You’ve spent countless hours dreaming, sketching and fine tuning your product. It’s ready to launch and now you’re wondering how to get the word out about it. In a stroke of mad genius you think “If I could only get on the Today Show or get discovered by Steve Harvey!”
The truth is it takes hard work and diligence to catch the eye of busy producers but you can crack the code by remembering a few of my “Don’ts.”
Every product has a 60 second elevator pitch but now you must distill that enthusiasm into pleasing sound bites. Once you’ve mastered your printed pitch you’re ready to send it off to the gate keepers known as the Guest Bookers or Producers. These are the talent scouts who vet every product to find experts for their TV shows.
Here Are the Top 3 Don’ts:
#3 Don’t Send Your Pitch Without Doing Your Homework
There are several sites such as Cision, Meltwater, and Media Contacts Pro which will gladly sell you a list of press contacts. While these services are valuable please steer away from the dreaded mass mailing of your pitch.
When honing your product you went through a painstaking process of narrowing down your customer base. The same process is necessary when sending out a pitch. It’s better to choose your audience carefully than to throw it against the wall and see what sticks.
For example: from time to time I vet pitches promoting violent video games and movies. While some may lean towards that genre it would not be appropriate for the family friendly shows with a median audience of kindergartners and their moms.
Know Your Audience!
#2 Do Not Harass the Guest Booker
Pitching your product can be a time consuming project but your enthusiasm can easily cross the line between persistent enthusiasm and pestilence.
Find a way to link your business to a news peg and I guarantee your chances of getting booked will jump. For instance, if you are creating a special red themed line then January/February is your perfect target time because of marketability with Valentine’s Day.
Contacting a booker twice a week with different subject lines will help your visibility in her inbox–BUT daily emails, three follow up calls and trolling her private Facebook account may get you banned!
And the number one thing you DON’T want to do when sending your pitch is…drumroll please…
#1 Don’t Send a Pitch Without Checking Spelling and Clickable Links
Recently, I was invited to a wonderful conference and as I clicked the links to register the website veered off into another unrelated site. This was a quick fix, I simply reached out to my contact to make them aware of the error and within 24 hours their site was refreshed and ready for business. However, in the world of guest booking missteps like these will relegate you to the back of the line.
Guest bookers are searching for content and industry experts. Your product may solve the worldwide water crisis by using locally sourced fabrics but you will not make it past the first round of vetting if you misspell the name of the booker or the media outlet. I deal with this all the time, having a unique name like Alegra, I’m often called Algeria or Algebra. Yes, you can laugh. I have tough skin but some bookers are sticklers and if you do not have these basics mastered then you’ve already lost points.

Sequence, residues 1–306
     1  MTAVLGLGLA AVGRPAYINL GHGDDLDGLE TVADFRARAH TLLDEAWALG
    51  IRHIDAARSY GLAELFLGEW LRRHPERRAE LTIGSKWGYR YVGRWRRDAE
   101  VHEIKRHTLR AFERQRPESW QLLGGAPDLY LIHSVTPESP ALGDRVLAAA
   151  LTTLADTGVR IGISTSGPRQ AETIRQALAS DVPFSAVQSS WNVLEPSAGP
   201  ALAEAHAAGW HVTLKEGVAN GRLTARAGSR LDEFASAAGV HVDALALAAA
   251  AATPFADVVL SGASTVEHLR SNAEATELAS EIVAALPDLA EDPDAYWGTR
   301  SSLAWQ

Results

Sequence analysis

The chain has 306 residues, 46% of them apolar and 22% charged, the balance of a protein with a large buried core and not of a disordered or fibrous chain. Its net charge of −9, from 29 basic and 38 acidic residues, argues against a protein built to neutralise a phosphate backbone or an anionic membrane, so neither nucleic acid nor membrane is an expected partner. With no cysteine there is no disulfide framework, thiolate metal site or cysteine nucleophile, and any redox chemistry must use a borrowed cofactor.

We live in a high tech, high octane environment so many people are willing to overlook mistakes in text messages as a faux pas by Siri but when it comes down to a well written pitch you must slow down and get it right.
Television bookers receive hundreds, even thousands of pitches each month. You want to stand out from the crowd but not because of an 8th grade spelling mistake.
In this same stream, please add links to your pitch and make sure they work. I highly suggest you having some sort of video content if you want to get on television. It can be a simple Youtube page with a 3-minute video of you hard at work on your production line or meeting with manufacturers. A booker must be able to see you in action.
If you are linking to pictures of your work, a website, or a blog post please test each link before you send it out.
Always put your best foot forward when presenting your product. You are responsible for your brand. One of the worst things you can do is not handle the basics. It is important to remember the old adage “Your first impression is the last impression.” So remember these three “don’ts” when pitching your product for television!
Alegra Hall is a Producer and Guest Booker with more than a dozen years in media. Alegra has vetted thousands of guests for TV, radio, print and social media interviews. She is also the editor of Living Wisely Magazine. Alegra@mymediabuzztv.com, @MyMediaBuzz or facebook.com/MyMediaBuzzLLC.